Champaign County Board committee advances solar-farm proposals

Champaign County Board committee advances solar-farm proposals

URBANA — Five solar farms proposed for three properties in rural Champaign County have advanced another step toward becoming a reality.

On Thursday evening, the Champaign County Board's environment and land-use committee voted to advance all three proposals to the full county board for final approval at its Nov. 27 meeting.

Two of the three plans are advancing with the group's recommendation, while officials deadlocked on issuing any guidance about the other.

All three plans are proposed by San Francisco-based FFP IL Community Solar LLC.

The two proposals that received "recommended" status passed 4-2 and are substantially similar, with each calling for construction of two side-by-side community solar farms, with each individual farm having a 2-megawatt capacity. One set is to be built in a field east of a house at 2232A County Road 1000 N in rural Sidney, and the other at the southwest corner of County Roads 2350E and 1700N in rural St. Joseph.

At least two board members appeared to oppose the loss of farmland.

"This is one of the fine farms that has prime farmland that can't be replaced," said Jodi Eisenmann, R-District 1.

Aaron Esry, R-District 3, voiced similar concerns.

The other proposal calls for construction of one 2-megawatt community solar farm to be built 600 feet north of Schuren Nursery on the west side of County Road 2200 E in rural St. Joseph.

The committee deadlocked 3-3 on this plan, moving it forward without a recommendation.

"This is even closer to a main water source, being the Salt Fork," said Jim Goss, R-District 1. "I don't agree with this."

"This is in an area that could some day be part of St. Joe," said James Quisenberry, D-District 10.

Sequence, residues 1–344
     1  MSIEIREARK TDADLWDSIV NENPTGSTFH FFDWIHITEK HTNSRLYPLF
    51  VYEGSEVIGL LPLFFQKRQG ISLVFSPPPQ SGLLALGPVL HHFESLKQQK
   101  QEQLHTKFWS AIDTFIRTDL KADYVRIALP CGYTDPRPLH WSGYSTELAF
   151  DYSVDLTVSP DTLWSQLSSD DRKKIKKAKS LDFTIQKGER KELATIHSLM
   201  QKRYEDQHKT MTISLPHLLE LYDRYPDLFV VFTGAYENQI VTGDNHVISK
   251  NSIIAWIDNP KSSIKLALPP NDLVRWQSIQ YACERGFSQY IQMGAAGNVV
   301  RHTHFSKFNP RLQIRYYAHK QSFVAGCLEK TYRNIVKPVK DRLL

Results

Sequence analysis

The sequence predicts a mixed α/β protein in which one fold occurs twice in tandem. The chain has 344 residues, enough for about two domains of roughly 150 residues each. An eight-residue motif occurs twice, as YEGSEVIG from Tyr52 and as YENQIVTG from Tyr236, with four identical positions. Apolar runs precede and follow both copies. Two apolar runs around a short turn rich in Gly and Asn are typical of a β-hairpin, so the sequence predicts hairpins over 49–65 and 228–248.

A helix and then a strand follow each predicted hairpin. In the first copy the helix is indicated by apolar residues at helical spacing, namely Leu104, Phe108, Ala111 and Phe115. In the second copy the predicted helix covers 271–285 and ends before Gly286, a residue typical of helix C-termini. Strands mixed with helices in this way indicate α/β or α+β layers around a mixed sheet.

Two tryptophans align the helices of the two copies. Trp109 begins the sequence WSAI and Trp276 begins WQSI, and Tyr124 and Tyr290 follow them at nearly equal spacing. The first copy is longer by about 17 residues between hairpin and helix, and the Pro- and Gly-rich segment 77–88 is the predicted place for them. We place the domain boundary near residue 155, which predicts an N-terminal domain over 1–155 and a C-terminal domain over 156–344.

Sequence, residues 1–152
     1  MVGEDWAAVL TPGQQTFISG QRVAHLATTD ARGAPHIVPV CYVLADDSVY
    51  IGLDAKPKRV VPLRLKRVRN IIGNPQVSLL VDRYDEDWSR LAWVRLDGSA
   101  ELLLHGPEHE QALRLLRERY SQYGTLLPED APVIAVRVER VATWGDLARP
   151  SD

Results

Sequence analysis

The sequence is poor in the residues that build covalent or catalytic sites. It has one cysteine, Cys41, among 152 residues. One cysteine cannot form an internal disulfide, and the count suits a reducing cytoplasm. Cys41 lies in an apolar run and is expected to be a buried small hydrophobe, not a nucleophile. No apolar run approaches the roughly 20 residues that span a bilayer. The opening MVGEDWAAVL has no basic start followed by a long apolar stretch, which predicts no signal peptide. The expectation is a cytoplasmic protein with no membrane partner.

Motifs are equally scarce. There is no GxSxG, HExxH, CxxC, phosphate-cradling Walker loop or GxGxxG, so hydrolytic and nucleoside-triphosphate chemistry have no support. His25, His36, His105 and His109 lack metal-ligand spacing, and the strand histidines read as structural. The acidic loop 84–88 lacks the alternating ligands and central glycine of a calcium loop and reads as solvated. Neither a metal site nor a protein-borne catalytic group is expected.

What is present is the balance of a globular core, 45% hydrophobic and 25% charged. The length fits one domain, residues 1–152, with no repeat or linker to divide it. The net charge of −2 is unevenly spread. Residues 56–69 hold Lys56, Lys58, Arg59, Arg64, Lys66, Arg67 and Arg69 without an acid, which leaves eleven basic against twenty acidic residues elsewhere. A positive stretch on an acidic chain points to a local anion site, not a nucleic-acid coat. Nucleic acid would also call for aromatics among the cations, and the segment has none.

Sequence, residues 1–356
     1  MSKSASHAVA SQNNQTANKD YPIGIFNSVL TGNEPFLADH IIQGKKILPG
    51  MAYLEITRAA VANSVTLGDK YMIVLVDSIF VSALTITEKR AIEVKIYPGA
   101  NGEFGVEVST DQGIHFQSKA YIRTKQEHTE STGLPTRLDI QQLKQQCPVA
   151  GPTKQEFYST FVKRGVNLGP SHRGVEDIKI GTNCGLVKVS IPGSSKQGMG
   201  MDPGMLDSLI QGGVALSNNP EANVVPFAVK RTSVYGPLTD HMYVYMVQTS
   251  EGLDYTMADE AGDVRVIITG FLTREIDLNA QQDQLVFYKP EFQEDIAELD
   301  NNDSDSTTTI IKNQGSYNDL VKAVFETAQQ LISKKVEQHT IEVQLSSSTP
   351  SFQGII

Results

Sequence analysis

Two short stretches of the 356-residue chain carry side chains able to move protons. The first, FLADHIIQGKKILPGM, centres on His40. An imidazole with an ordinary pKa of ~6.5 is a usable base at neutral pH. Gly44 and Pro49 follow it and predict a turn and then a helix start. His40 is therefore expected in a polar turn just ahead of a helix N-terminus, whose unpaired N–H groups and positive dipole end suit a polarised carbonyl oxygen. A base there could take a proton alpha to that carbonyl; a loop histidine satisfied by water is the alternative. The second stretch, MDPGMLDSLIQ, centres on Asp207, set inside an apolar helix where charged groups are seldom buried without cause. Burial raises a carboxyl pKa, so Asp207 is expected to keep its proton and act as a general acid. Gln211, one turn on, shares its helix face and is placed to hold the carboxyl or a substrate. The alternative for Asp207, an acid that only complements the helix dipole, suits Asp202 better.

St. Joseph Mayor Tami Fruhling-Voges spoke out against two of the plans.

"I am here to express concerns with the two proposed solar farms north of our village boundaries," she said. "Both of them are within our mile-and-a-half extraterritorial jurisdiction.

"As we have long experienced, the county and municipalities must work together within our shared jurisdictional limit that is beneficial and respectful of each agency's planning efforts. This is why it was surprising to learn that the solar farm zoning changes reduced permitting to the one-half mile limit."

Fruhling-Voges told the committee there is potential for growth north of Interstate 74.

"I am concerned about property values," she said. "That would be an impact for residential and commercial growth."

County Board Chairman C. Pius Weibel was sent a letter signed by Fruhling-Voges, Savoy Village President Joan Dykstra and Mahomet Village President Sean Widener supporting maintaining the mile-and-a-half jurisdiction and asking for a requirement that affected municipalities consider a resolution accompanying solar farm applications to the county.

The letter was also endorsed by Sidney Mayor Charles White and Ogden Mayor Gabe Clements.